A Story by Peter Rogerson

Casting all her worldly goods aside, Molly Richards goes in search of her god.


Molly Richards stood still as a statue gazing at the vast ochre expanse that lay in front of her. She was so devoid of any movement that a sparrow, usually a wary creature where human beings are concerned, landed on one of her shoulders and rubbed its head against an ear as if to say look at me, I’m here…

But Molly Richards cared little for the weight of the sparrow and even less for the perceived feathery rub against that ear.

Molly Richards had a great deal to think about.

It had taken her ages to get where she was, standing with her back to the mighty forest and its billions of twitching, leaping, barking, cackling, sleeping, waking creatures and her face to the motionless desert.

There can have been few places on the planet where the contrast was so marked, so clearly delineated by the space of a single step. Forest and jungle behind her, desert in front.

It had cost her everything to get this far, and every coin or paper bill that had been hers was spent. But that didn’t matter, for she was going to her salvation. Then she’d be all right. Money, gems, precious metals, none of these would matter.

But she wasn’t there yet, not to where she was going, not to her intended destination.

She shielded her eyes against the penetrating light from the scorching sun and stared. Somewhere in the distance was the convent, and that’s where she was going. That was her intended destination. Somewhere across the countless acres of soft sand was the home of her god, and she had set out on her birthday to go there, and another birthday was now not so far off. It had been a long and sometimes painful journey for Molly, and she was feeling her age.

Then she moved to take her first step onto the desert, and the sparrow flapped off.

It was time to check her baggage, to make sure that she had forgotten nothing because on this, the final leg, she would be totally alone. There would be no shops to pop into for this or that little forgotten necessity, no hostel where she might hire a bed for the night if the walk became too burdensome, not even a shining bright tap for clean water. So she went through that baggage with the care a women usually reserves for caring for her new baby, and counted everything.

Underwear, she sighed, why do I need underwear? It’s all so unnecessary, for the desert is a scorching place and clothes are truly only needed to keep a body warm… and then, even thin cotton has weight, has bulk, and my journey is a long and weary one… and when I get there, would favours will modesty do me in a place made for worship?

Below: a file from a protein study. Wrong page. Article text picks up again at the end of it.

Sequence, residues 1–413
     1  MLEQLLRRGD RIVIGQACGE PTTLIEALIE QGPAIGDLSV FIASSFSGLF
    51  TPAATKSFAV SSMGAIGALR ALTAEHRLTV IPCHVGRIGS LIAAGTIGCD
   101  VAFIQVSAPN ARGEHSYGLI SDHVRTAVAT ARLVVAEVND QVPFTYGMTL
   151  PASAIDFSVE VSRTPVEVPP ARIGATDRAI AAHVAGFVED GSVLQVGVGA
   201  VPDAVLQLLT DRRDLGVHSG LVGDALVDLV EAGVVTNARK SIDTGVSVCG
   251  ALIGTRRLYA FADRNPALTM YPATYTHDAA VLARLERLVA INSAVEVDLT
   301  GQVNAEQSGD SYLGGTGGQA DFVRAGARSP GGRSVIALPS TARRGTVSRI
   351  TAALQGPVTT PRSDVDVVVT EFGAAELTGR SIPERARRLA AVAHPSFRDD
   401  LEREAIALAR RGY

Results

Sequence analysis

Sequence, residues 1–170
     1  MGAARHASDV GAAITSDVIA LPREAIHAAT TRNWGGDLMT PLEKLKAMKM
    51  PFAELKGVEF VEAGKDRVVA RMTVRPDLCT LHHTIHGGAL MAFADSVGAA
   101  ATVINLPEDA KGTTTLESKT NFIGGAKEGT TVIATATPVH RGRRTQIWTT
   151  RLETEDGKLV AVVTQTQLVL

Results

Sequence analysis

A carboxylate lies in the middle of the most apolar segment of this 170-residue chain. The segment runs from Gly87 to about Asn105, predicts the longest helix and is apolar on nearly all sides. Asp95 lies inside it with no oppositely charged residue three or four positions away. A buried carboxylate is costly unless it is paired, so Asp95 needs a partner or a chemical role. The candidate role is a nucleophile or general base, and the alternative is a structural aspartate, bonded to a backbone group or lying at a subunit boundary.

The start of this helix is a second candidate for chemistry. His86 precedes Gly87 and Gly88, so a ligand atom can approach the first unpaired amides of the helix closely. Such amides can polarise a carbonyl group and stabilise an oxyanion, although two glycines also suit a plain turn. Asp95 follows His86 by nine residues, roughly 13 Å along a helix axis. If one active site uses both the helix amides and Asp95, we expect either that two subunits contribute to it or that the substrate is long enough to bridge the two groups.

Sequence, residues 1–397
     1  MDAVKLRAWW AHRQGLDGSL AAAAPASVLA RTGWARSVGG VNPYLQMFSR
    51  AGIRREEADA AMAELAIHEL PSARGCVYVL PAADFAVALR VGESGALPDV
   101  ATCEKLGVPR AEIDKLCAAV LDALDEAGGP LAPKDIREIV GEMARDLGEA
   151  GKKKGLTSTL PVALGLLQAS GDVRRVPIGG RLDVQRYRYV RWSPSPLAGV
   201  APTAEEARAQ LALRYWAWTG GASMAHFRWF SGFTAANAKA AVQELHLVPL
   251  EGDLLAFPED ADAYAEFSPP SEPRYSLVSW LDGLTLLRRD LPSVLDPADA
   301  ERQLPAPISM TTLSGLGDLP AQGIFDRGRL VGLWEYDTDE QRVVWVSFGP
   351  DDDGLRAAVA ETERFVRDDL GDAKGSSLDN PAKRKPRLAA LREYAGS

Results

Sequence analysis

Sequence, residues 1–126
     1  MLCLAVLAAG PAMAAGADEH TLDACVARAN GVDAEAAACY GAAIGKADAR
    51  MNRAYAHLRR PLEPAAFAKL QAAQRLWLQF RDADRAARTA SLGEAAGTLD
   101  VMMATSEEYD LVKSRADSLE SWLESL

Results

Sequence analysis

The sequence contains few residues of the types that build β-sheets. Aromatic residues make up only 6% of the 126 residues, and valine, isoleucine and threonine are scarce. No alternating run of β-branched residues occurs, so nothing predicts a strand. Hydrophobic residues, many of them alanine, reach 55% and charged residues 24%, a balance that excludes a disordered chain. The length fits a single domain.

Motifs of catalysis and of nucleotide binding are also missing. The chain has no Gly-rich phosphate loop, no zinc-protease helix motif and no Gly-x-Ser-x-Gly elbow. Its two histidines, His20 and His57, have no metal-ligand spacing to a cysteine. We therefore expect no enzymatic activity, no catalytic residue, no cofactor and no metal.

She cast a pile of frilly fabric aside, caring not that it was litter in a pristine landscape of trees and sand. Then she delved further into her baggage and brought forth an umbrella, rolled and tidy, and cast that aside as well.

It never rains in the desert, she told herself, and I need as light a burden as maybe…

And, methodically, she considered every item in her luggage until she had cast away a goodly part of it and was left with only a package of sandwiches and a flask of cold water. I will only need sustenance for the few miles that lie ahead, and from thence on my god will feed and water me... she assured herself, and now my burden is light….

Then, with a pile of cast-off treasures lying on that strange line between forest and desert and ready to blow hither and thither in any old breeze that came that way, she took her first step onto the sand of the desert.

I am left with almost nothing, she sighed, and it felt good.

The sun beat down on her as she walked. It was the most ferocious, the most scorching, sun she had ever known, and it seemed to burn her to her very heart. But she knew where she was going.

Ahead, somewhere lost in the myriad wavy haze that was the gift of that same sun lay her convent, and within it she would find her god, and she would be welcomed like a child being welcomed into the world… she’d never had a child and wasn’t quite sure how one might be born, just that it must be a glorious welcome, a new born entity gazing through eyes that were seeing for the very first time…

If I’d married, she considered as she trudged forwards, if I’d found a man and married and we’d done together the mysterious things that bring forth new life … why don’t I know what those things are? I ought to know, but somehow nobody ever told me and now I suppose it’s too late…